Pocket Veto Case, 279 U.S. 655 (1929)
U.S. Supreme CourtPocket Veto Case, 279 U.S. 655 (1929)
The Pocket Veto Case*
Argued March 11, 1929
Decided May 27, 1929
279 U.S. 655
1. Under the second clause in § 7 of Article I of the Constitution, a bill which is passed by both Houses of Congress during the first regular session of a particular Congress and presented to the President less than ten days (Sundays excepted) before the adjournment of that session, but is neither signed by the President nor returned by him to the House in which it originated, does not become a law. P. 279 U. S. 672.
2. The Constitution, in giving the President a qualified negative over legislation -- commonly called a veto -- entrusts him with an authority, and imposes upon him an obligation, that are of the highest
importance, in the execution of which it is made his duty not only to sign bills that he approves in order that they may become law, but to return bills that he disapproves, with his objections, in order that they may be reconsidered by Congress. P. 279 U. S. 677.
3. The faithful and effective exercise of this duty necessarily requires time in which the President may carefully examine and consider a bill and determine, after due deliberation, whether he should approve or disapprove it, and, if he disapproves it, formulate his objections for the consideration of Congress. To that end, a specified time is given, after the bill has been presented to him, in which he may examine its provisions and either approve it or return it, not approved, for reconsideration. P. 279 U. S. 677.
4. The power thus conferred upon the President cannot be narrowed or cut down by Congress, nor the time within which it is to be exercised lessened, directly or indirectly. P. 279 U. S. 677.
5. It is just as essential a part of the constitutional provisions guarding against ill-considered and unwise legislation that the President, on his part, should have the full time allowed him for determining whether he should approve or disapprove a bill, and, if disapproved, for adequately formulating the objections that should be considered by Congress as it is that Congress, on its part, should have an opportunity to repass the bill over his objections. P. 279 U. S. 678.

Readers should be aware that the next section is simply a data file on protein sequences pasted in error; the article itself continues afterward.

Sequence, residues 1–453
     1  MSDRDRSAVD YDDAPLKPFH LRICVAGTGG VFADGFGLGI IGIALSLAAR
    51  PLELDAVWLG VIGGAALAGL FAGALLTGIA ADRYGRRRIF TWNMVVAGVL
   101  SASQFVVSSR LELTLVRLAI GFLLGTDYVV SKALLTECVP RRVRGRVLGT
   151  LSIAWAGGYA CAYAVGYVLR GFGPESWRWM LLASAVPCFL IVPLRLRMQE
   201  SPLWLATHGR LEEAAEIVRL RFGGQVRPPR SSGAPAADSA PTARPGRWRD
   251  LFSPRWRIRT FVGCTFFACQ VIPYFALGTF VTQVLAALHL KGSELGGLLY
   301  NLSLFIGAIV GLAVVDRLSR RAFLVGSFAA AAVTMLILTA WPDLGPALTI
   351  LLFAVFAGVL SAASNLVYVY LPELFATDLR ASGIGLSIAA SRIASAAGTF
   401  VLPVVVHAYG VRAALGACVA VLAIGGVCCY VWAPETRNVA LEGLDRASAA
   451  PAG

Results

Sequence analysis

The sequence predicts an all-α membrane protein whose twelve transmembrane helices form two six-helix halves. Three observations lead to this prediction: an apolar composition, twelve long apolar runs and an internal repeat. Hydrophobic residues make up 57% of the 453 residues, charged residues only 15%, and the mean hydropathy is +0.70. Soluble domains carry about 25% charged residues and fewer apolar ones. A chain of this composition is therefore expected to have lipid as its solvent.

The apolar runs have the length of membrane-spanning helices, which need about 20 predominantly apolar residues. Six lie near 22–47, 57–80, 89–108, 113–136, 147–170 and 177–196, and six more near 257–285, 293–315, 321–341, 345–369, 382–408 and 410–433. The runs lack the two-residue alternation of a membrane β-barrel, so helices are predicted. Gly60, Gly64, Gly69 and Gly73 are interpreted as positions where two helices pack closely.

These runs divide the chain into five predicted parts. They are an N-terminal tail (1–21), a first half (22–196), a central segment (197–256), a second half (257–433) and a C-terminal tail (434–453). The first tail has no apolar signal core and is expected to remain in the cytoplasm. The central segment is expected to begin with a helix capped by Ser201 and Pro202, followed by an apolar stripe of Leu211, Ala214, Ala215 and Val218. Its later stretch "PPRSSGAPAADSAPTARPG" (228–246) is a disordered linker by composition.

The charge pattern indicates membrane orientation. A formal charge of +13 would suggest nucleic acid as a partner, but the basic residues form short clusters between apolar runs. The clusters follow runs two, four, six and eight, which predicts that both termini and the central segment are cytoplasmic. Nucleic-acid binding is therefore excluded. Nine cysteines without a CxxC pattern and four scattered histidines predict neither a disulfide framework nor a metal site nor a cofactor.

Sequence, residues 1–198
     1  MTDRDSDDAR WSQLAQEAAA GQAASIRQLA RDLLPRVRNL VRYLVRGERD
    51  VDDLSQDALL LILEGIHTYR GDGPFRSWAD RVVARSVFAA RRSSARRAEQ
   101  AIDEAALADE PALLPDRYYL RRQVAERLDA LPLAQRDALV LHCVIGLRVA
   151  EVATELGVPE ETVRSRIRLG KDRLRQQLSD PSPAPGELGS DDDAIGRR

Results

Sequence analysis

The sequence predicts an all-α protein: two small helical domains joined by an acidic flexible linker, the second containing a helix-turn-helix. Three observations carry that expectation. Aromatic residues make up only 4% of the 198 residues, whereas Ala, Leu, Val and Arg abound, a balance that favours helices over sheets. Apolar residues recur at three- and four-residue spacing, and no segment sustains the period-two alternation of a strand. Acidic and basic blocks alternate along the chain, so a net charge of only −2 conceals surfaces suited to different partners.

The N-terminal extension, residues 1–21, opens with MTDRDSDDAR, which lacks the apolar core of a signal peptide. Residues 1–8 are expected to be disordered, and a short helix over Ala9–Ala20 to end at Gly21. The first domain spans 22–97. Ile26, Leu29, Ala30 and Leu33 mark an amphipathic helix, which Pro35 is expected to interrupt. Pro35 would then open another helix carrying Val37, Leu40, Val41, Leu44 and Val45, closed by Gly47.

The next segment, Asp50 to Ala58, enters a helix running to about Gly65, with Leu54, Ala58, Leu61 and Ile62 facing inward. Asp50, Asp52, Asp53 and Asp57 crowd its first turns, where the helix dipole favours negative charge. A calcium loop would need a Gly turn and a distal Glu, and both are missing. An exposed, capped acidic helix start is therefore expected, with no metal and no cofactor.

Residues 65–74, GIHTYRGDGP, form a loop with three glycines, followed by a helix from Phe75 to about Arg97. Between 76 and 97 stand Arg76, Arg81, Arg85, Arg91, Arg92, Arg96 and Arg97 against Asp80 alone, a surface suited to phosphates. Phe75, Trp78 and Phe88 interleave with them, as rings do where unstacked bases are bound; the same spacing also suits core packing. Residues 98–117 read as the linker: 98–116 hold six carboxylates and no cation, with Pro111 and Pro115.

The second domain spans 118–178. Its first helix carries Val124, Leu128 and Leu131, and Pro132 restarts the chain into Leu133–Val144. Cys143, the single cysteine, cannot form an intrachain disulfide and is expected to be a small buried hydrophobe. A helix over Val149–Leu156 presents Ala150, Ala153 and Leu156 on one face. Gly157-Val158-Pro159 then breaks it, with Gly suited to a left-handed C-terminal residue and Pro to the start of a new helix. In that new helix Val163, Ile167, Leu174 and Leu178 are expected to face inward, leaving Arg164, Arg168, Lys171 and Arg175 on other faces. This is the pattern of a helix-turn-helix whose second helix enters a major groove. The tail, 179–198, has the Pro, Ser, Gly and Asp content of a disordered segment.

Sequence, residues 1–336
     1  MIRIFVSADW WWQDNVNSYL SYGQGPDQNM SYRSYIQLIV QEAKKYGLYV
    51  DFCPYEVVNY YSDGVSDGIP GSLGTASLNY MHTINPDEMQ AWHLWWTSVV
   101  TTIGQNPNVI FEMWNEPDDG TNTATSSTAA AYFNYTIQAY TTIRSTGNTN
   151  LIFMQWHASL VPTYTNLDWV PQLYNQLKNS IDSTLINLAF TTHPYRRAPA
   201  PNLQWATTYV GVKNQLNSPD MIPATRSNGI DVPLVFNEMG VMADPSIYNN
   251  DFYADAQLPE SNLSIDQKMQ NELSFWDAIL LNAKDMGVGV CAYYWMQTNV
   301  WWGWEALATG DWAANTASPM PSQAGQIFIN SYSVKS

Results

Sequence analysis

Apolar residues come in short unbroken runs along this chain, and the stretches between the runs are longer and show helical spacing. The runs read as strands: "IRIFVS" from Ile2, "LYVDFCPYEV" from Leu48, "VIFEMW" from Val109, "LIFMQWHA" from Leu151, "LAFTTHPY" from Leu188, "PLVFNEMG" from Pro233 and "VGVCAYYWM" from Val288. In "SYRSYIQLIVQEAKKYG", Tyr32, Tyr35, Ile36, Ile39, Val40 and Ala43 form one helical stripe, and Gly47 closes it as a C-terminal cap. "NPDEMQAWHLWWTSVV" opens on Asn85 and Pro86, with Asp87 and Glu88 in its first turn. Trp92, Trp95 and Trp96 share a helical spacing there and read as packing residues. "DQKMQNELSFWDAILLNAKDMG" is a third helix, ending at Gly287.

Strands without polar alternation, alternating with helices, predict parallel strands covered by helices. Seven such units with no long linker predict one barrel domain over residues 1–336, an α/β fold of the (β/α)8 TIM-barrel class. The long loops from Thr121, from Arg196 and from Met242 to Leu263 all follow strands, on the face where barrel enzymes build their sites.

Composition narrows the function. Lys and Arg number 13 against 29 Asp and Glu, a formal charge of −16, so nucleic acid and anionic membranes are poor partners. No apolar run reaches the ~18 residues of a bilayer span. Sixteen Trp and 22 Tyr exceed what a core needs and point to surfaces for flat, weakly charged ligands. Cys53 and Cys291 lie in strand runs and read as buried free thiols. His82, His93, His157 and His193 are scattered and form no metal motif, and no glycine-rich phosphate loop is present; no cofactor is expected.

6. When the adjournment of Congress prevents the return of a bill within the allotted time, the failure of the bill to become a law cannot properly be ascribed to the disapproval of the President -- who presumably would have returned it before the adjournment if there had been sufficient time in which to complete his consideration and take such action -- but is attributable solely to the action of Congress in adjourning before the time allowed the President for returning the bill had expired. P. 279 U. S. 678.
7. The phrase "within ten days (Sundays excepted)" in the clause of the Constitution here in question refers not to legislative days, but to calendar days. P. 279 U. S. 679.
8. The term "adjournment," as used in this constitutional provision, is not limited to the final adjournment of the Congress. P. 279 U. S. 680.
9. The determinative question in reference to an "adjournment" is not whether it is a final adjournment of Congress or an interim adjournment, such as an adjournment of the first session, but whether it is one that "prevents" the President from returning the bill to the House in which it originated within the time allowed. P. 279 U. S. 680.
10. An interim adjournment of Congress at the end of the first session, as the result of which, although the legislative existence of the House in which the bill originated has not been terminated, it is not in session on the last day of the period allowed the President for returning the bill, prevents him from returning it to such House. P. 279 U. S. 681.
11. The "House" to which the bill is to be returned is a House in session -- sitting in an organized capacity for the transaction of business and having authority to receive the return, enter the President's objections on its journal, and proceed to reconsider the bill; and no return can be made to the House when it is not in session as a collective body and its members are dispersed. P. 279 U. S. 682.
12. This accords with the long-established practice of both Houses of Congress to receive messages from the President while they are in session. P. 279 U. S. 683.
13. There is no substantial basis for the suggestion that, although the House in which the bill originated be not in session, the bill may nevertheless be returned, consistently with the constitutional mandate, by delivering it, with the President's objections, to an officer or agent of the House for subsequent delivery to the House when it resumes its sittings at the next session, with the same force and effect as if the bill had been returned to the House on the day when it was delivered to such officer or agent. P. 279 U. S. 683.
14. The above construction is confirmed by the practical construction given to this provision of the Constitution by the Presidents through a long course of years, and in which Congress has acquiesced. P. 279 U. S. 688.
66 Ct.Cls. 26, affirmed.
Certiorari, 278 U.S. 597, to review a judgment of the Court of Claims dismissing a petition upon the ground that a bill passed by Congress, upon which the jurisdiction was dependent, had not become a law.